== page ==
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DFKI's robot ape to colonize the Moon?

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June 25, 2013

DFKI's iStruct is an ape-like robot that was developed with funding from the German Aerosp...

DFKI's iStruct is an ape-like robot that was developed with funding from the German Aerospace Center (Photo: DLR)

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If you thought the monkey-like robot AMEE seen in the Val Kilmer sci-fi flick Red Planet was a tad far-fetched, think again. The German Research Center for Artificial Intelligence (DFKI) and the University of Bremen are working on an ape-like robot called the iStruct Demonstrator that it classifies as a "Space Robot." Lately the mechanical monkey has been practicing how to walk and balance in the center's mock lunar landscape.

Exploring the hazardous lunar landscape calls for a variety of forms, and researchers at the DFKI are exploring their options (including a combination of legged and wheeled robots). An ape-like body has certain benefits over a wheeled robot; its four-legged stance is stable when scrambling over obstacles or hilly terrain, and it can easily right itself if it falls over. Then when it needs to do something with its hand(s), it could feasibly balance on its hind legs to free them up for manual work. The CHIMP robot currently being developed for the DARPA Robotics Challenge has adopted a similar strategy.

With renewed international interest in lunar missions, there is a remote possibility that iStruct (or one of its descendants) could be frolicking on the Moon at some point in the future. Colonizing the Moon with robots begins by developing one that can move and react intelligently to whatever situation it finds itself in.

To that end, the goal of the project is to build "biologically-inspired intelligent structural components" and a robot system to test them on, to test and improve the robot's ability to react to its surroundings. The robot contains an articulated spinal column connecting the torso and pelvis, giving it more flexibility, and sensor-laden foot and ankle structures which react to the ground.

Other features include:
  • 43 individual force-sensing resistor (FSR) sensors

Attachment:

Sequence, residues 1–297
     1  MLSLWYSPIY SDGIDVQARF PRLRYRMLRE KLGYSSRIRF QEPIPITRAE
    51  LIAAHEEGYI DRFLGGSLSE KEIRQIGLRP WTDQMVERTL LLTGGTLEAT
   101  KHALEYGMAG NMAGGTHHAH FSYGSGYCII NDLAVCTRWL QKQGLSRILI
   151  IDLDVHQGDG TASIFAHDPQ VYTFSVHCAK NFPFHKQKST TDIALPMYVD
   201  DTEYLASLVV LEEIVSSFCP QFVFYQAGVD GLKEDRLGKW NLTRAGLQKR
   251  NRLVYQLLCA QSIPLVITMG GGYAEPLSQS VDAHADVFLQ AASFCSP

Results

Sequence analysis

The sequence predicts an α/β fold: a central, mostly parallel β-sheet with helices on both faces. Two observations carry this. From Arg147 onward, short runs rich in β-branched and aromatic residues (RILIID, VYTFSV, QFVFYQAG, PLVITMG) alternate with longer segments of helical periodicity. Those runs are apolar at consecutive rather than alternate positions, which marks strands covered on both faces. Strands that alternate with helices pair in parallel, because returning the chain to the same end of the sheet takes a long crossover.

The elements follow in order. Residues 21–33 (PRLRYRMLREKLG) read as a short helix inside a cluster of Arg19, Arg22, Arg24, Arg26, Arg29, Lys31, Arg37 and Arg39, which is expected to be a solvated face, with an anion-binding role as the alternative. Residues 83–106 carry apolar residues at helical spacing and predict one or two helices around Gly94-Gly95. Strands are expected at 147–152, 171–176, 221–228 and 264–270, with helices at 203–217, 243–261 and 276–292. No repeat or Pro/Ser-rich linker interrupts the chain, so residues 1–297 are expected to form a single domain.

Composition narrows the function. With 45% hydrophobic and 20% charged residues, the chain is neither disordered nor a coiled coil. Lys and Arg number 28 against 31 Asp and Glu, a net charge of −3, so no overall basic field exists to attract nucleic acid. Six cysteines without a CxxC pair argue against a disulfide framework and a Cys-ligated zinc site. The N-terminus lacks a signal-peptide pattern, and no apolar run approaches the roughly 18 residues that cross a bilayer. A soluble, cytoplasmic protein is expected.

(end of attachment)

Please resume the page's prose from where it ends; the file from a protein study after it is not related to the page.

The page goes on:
• six additional FSR sensors on exposed parts used for collision detection
  • a 6-axis Force/Torque-sensor
  • a distance sensor in heel to anticipate heel strike
  • a digital 3-axis accelerometer to perceive the orientation of the foot
  • two temperature sensors to compensate for temperature changes in the electronics
  • digital magnetic angular encoders to monitor every moving axes of the foot and ankle structure

Most humanoid robots already contain many of the same sensors, but the iStruct's articulated spine (which can function as a 6-axes force-torque sensor) is something of a rarity outside of musculoskeletal robots and helps when moving on all fours. The sensors in the foot and ankle allow it to maintain its balance on sloped terrain.

Back between 2008 and 2009, Dipl.-Inf. Daniel Kühn worked on a similar robot called the Little Ape, which was already capable of simple quadrupedal walking. After that project wrapped, he began work on the iStruct, which features some significant upgrades. It's larger, weighing 18 kg (40 lb) and measuring 66 x 43 x 75 cm (26 x 17 x 29 in), and contains 26 degrees of freedom powered by a variety of electric motors. The project is due to be completed this August.

You can see how it uses its intelligent foot and ankle structures to walk and maintain its balance in the videos below. It's a small step for a robot ape, but a potentially giant leap for robot ape kind.

Source: DFKI Robotics

Walking: Balancing:
About the Author
Jason Falconer Jason is a freelance writer based in central Canada with a background in computer graphics. He has written about hundreds of humanoid robots on his website Plastic Pals and is an avid gamer with an unsightly collection of retro consoles, cartridges, and controllers.   All articles by Jason Falconer
3 Comments

The abrasive lunar soil--dust, would wreck havoc in short order on the exposed machine that has so many moveable parts. A covering of some nature is in order. And no, no fur.

lwesson
26th June, 2013 @ 09:41 am PDT

Not much potential to run it on solar power either.

Daishi
27th June, 2013 @ 02:04 am PDT

This looks like M.U.L.E. ! ! !

samsoltan
27th June, 2013 @ 08:14 am PDT
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